Christa Couture turns heartbreak into optimism on The Living Record

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What fresh hell is this?

Christa Couture could be forgiven for echoing, on occasion, Dorothy Parker’s famous complaint. Over the course of her 32 years, this criminally underrated singer-songwriter has endured enough tragedy to fill several lifetimes—and while we don’t want to dwell on that, let’s just say that the central theme of her 2008 release, The Wedding Singer and the Undertaker, was the most painful of bereavements.

Since then, she’s experienced another cruel and inexplicable loss. But her new disc, The Living Record, is suffused with a groundedness that borders on optimism, as Couture explains by phone from her Vancouver home.

“This time,” she says, “it’s more like ‘You know what? Shit keeps happening, and life keeps unrolling, and I’m working with it—and doing the best I can.’ ”

Couture is still conscious of being “a witness of catastrophe”, as she bravely declares on the lilting, waltzlike “Lucky or Lost”. But rather than fend off sorrow with gin and cynicism, as Parker did, she’s piled her woes into a batch of songs that are as rich in acceptance and compassion as they are full of heartbreak.

In part, that’s because Couture’s drawing on some of the older events in her autobiography. The Cajun-flavoured “Good Bayou”, for instance, documents an end-of-the-millennium affair, but any bitterness Couture might have felt at the time has been transformed into a sweet memory.

“I’ve dated a lot of musicians and other artists, and especially with songwriters, if you’re dating a songwriter, you get into this thing where they wrote you a love song, and then you try and top that love song,” she says with a laugh. “And when you break up, it’s ‘Who’s going to write the better breakup song?’ So I had dated this artist from the States, from Louisiana. While we were together he had made me this incredible painting, but I never did anything for him, and I felt really bad. So eventually I wrote that song—and now I hope we’re even!”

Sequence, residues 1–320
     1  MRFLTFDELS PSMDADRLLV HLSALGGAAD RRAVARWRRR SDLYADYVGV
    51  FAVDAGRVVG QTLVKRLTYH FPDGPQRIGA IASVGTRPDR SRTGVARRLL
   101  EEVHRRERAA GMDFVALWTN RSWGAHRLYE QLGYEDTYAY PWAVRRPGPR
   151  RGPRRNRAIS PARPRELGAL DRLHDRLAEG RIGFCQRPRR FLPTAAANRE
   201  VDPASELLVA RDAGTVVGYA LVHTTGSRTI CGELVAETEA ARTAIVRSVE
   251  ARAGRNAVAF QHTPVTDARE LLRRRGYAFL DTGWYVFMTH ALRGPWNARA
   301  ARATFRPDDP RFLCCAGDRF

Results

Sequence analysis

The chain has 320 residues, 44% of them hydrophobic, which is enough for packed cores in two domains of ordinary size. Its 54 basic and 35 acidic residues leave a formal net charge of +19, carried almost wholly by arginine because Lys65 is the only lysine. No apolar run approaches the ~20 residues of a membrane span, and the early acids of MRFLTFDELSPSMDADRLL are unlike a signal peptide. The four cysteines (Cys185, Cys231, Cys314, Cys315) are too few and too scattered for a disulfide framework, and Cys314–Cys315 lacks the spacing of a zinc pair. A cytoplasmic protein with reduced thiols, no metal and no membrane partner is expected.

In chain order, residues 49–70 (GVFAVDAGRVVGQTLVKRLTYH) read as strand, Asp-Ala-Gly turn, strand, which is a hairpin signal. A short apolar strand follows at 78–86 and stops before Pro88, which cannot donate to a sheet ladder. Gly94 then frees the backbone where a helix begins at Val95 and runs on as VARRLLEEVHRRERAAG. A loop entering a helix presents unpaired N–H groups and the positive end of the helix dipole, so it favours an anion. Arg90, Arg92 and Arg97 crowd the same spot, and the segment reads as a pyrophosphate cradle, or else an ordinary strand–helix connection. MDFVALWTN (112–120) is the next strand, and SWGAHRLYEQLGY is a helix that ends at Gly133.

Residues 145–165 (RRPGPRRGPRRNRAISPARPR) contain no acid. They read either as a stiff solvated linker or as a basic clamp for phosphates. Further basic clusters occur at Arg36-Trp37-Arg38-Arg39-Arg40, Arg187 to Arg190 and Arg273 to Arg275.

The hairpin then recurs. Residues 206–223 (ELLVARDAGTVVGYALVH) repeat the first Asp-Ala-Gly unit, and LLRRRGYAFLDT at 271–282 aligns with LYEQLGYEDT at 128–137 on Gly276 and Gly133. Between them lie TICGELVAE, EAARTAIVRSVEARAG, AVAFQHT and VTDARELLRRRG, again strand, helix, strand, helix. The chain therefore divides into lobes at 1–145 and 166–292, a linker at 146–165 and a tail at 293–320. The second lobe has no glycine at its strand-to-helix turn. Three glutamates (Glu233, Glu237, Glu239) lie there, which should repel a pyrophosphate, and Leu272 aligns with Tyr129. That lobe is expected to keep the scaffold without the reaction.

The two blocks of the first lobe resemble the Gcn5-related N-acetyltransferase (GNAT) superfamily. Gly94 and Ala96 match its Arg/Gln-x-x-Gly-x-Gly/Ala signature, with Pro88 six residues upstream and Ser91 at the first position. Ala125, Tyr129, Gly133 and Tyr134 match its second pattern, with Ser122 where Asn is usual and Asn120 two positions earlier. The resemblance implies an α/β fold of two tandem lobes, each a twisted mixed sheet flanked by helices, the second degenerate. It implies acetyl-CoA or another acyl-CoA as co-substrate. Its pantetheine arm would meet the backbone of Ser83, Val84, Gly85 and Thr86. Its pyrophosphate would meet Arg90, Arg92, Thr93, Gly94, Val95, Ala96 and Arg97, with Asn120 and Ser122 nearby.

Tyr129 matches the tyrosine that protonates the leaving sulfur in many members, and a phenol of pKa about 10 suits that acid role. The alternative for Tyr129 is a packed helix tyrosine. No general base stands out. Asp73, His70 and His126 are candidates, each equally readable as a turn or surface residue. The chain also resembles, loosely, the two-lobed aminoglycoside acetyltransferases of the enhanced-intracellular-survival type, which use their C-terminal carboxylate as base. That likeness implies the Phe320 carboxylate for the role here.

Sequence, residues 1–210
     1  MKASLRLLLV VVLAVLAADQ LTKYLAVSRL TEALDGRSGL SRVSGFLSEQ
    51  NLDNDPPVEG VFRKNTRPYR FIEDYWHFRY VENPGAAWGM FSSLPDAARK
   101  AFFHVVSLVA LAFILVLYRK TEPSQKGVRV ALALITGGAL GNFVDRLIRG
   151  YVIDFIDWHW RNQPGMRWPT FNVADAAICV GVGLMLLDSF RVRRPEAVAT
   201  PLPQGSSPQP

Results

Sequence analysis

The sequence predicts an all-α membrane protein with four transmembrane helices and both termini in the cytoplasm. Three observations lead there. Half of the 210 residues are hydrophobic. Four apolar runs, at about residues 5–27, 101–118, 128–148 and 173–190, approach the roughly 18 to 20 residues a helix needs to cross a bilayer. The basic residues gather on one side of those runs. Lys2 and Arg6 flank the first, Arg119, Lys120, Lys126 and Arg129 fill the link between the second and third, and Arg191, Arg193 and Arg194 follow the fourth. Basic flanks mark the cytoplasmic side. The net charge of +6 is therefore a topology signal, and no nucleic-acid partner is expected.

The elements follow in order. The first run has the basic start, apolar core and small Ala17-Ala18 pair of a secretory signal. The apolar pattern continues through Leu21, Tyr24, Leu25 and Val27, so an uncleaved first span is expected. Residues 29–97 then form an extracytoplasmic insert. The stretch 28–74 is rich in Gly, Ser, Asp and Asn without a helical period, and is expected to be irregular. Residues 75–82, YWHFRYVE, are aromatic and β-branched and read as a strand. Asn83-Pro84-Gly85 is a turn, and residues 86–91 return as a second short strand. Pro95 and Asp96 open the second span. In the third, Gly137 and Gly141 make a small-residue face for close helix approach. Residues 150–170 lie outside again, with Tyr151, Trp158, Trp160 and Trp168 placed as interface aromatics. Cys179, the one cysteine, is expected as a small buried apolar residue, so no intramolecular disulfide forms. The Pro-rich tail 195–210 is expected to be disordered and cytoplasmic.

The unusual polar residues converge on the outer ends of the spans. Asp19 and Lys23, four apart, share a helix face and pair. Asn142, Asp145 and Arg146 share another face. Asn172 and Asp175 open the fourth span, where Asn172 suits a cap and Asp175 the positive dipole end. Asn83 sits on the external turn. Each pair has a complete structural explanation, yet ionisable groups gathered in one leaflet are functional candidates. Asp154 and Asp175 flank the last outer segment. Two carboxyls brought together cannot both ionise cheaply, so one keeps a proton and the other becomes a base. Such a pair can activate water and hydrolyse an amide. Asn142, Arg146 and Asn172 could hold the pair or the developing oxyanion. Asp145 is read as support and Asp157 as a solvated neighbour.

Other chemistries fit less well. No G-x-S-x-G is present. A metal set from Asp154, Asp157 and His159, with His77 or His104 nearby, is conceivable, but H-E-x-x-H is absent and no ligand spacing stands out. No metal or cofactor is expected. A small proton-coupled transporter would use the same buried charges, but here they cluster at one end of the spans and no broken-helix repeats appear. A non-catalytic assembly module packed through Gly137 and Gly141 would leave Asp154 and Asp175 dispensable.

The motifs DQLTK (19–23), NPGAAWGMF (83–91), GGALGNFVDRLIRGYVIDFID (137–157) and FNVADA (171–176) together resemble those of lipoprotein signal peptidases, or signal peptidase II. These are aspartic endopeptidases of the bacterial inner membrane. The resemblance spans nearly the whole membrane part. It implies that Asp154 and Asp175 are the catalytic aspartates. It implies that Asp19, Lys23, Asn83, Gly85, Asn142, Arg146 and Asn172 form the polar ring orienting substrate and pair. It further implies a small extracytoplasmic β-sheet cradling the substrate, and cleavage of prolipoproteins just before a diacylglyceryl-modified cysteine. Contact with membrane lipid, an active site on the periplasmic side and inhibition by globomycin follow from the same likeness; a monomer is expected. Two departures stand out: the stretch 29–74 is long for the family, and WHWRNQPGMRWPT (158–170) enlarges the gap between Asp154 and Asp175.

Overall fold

Similarly, “Pussycat Pussycat”—given an infectious Stax-Volt twist by producer-guitarist Steve Dawson—recalls the singer’s days as a free-spirited Canadian in London. She got lost, she got mugged—and yet she also fell in love. Writing about those days, she explains, is not so much an exercise in nostalgia as a way of bringing that old energy into her new circumstances.

“For a while, I’d look back and think, ‘Oh, 10 years ago, I was so much happier. I was so carefree, and so lighthearted,’ ” she admits. “But with something like ‘Pussycat Pussycat’, now I can actually create those feelings again in my life.…And I think that’s what has amazed me over the last few years: despite how dark and awful things can get, there’s still surprising moments of joy. And I live for those moments, I guess.”

At this point, it’s probably fair to unveil the latest calamity that Couture has had to endure: the loss of a second child in infancy. (The death of her first son prompted the writing of The Wedding Singer and the Undertaker.) It’s hard to contemplate how forlorn this must have made her feel, although some sense of it is conveyed through the bleak intelligence of The Living Record’s “Pirate Jenny and the Storm” and “Hopeless Situation”. Remarkably, though, those tracks are counterbalanced by the naked tenderness of “Paper Anniversary”, a love song to Couture’s husband that features a Sinatra-grade cameo from local legend Jim Byrnes.

“This is another album about loss, which I thought, after the last one, I wouldn’t do again,” Couture says. “But then there was more loss, so I didn’t have a choice. Still, I think I’m now in a place where there’s more acceptance and integration, I’ve kind of been owning it.

“I’ve had enough of looking at the past and trying to understand it,” she adds. “Now it’s like, ‘Okay, fuck it, let’s just look forward. What can we do now?’ I’ve talked about it, I’ve cried about it, I’ve had hours of therapy. Now what?”

In the short run, there’s the album-release party for The Living Record, which will find Couture teaming up with Dawson, keyboard genius Chris Gestrin, rock-solid bassist Rob Becker, and nimble drummer Niko Friesen. Then there’s a cross-country tour on which she’ll lead a trio with Redgy Blackout multi-instrumentalists Scott Perrie and Jeremy Breaks.

Who knows what will follow? But one thing’s for sure: having turned the lousiest of hands into an exceptional body of songs, Couture’s ready for further—and happier—adventures.

Christa Couture releases The Living Record at St. James Hall next Thursday (September 6).

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